Uh, Huh You know What it is: Interview with Frequent-C
17 Feb 2011

The Author


I got a chance to catch up with one of Boulders rising producers, online canadian pharmacy FrequentC, and had him drop a little knowledge about his creative crew, self-proclaimed genre, and perspective on entangled topics of music making.

SBL: Alright so, I wanna talk to you about some of your soundcloud.com beats first.  I had a chance to chill on some of your music while I was painting and I’m into a lot of your tracks.  I noticed that you played some of them, or at least parts, when you opened for the Biscuits, which ones were they?

FrequentC: Yea definitely, I usually like to sample parts of older songs in my sets because they contain some of the original sound I still incorporate, especially the hip-hop remixes.  I played everything from my older hip-hop remixes to my new Slim Thugz songs, which are collaboration tracks with my boy Julian Garland, the Candyman.

SBL: The Islands track is one that stuck out to me because of its complexity and the female hook that sizzles at the end. With something so musically multifaceted, about how much time goes into these pieces?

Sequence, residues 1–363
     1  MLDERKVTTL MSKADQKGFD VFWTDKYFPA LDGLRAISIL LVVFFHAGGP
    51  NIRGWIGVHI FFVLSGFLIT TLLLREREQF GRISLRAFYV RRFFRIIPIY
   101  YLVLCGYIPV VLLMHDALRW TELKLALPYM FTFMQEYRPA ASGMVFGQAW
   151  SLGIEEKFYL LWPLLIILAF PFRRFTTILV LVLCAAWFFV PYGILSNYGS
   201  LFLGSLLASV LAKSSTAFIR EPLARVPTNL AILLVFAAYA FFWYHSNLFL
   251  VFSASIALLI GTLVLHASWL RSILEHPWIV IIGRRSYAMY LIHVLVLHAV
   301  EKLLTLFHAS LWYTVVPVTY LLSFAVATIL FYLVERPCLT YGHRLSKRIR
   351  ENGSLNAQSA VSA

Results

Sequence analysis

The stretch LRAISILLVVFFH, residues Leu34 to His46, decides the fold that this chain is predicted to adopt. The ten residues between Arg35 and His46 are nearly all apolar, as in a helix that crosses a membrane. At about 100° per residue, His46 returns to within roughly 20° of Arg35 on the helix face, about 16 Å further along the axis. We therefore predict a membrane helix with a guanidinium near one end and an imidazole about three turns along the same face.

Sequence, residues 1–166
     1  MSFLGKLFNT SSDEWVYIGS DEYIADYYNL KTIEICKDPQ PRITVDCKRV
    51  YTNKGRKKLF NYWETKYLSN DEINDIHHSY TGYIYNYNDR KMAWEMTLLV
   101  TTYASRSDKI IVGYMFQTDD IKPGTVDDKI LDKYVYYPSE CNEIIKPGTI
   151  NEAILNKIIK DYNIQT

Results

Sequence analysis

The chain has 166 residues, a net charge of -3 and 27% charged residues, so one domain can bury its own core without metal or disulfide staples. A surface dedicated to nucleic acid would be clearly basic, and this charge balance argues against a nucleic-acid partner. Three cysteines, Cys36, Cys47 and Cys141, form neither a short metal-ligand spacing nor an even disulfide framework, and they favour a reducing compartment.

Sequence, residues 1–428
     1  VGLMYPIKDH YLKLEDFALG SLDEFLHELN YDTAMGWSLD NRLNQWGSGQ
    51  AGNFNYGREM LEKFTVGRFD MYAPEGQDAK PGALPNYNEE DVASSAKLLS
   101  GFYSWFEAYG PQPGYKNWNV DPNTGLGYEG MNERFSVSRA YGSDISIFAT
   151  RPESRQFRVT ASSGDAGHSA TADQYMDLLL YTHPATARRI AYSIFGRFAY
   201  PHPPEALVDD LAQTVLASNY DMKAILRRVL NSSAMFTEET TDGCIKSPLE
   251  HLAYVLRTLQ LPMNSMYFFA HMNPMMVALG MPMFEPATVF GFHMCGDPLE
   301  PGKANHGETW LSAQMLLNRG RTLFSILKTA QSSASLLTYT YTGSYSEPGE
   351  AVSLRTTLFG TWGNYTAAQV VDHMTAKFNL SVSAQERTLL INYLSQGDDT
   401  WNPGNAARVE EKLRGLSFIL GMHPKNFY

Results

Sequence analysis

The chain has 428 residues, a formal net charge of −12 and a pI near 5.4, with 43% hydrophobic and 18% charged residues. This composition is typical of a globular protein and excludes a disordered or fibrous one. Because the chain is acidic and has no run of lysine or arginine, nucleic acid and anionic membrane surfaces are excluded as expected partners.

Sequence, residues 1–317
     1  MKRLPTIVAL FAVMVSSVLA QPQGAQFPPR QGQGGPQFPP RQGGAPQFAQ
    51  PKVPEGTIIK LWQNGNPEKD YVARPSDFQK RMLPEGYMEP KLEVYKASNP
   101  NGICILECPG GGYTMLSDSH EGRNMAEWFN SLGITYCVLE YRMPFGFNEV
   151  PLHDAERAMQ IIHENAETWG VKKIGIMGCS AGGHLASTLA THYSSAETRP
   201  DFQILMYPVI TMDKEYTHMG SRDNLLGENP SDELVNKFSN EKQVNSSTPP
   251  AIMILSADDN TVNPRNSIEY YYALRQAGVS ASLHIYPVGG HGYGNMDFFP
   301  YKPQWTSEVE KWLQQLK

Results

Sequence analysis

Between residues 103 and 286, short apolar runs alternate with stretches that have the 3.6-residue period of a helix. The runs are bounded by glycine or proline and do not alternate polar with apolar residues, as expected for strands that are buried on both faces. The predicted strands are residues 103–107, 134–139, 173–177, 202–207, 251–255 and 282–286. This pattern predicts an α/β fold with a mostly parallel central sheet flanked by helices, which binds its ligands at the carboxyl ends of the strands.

FC:I released that mix last year in conjunction with some new hip-hop remixes along with my own adaptations of some of my favorite tracks during that time. Since a mix is normally a collection of original songs and material from other artists put together to create one continuous track, it usually takes less time to create depending on the length and the amount of new production added to the mix. I personally like to add tons of new instrument layers, acapellas, and effects to a mix.  With that being said, it could take anywhere from a couple hours, to a couple days.

SBL: Sometimes when I’m working on a painting I feel like I’ve been looking at it for so long that I can’t even see it anymore. Do you ever reach a point while you’re working on a track where you feel like you can no longer hear it?  How do you maintain a fresh ear?

FC: I can spend days on end in the studio, but recently I’ve found it more efficient to produce and create for half of the day, every day, while using the time in between to brainstorm, refresh, and incorporate new ideas. Sometimes progress slows if you spend too much time on one thing.

SBL: Also, that Dr. Dre track is mad saxy, is that Big G in the back?

FC: Haha, unfortunately no…that remix is actually one of my first tracks in which I mashed a “Forget About Dre” acapella together with an instrumental remix from the Jazz group Unwrapped,  and added a few more layers of instruments. All that sax is from Unwrapped.

SBL: Do you think that people are caring less and less about sampling and re-appropriating songs in an original format? If so why?

FC: Not really, I think now that there has been such an explosion of subgenres in electronic music in the last few years that people are actually becoming more and more picky, at least about how something is sampled, if at all.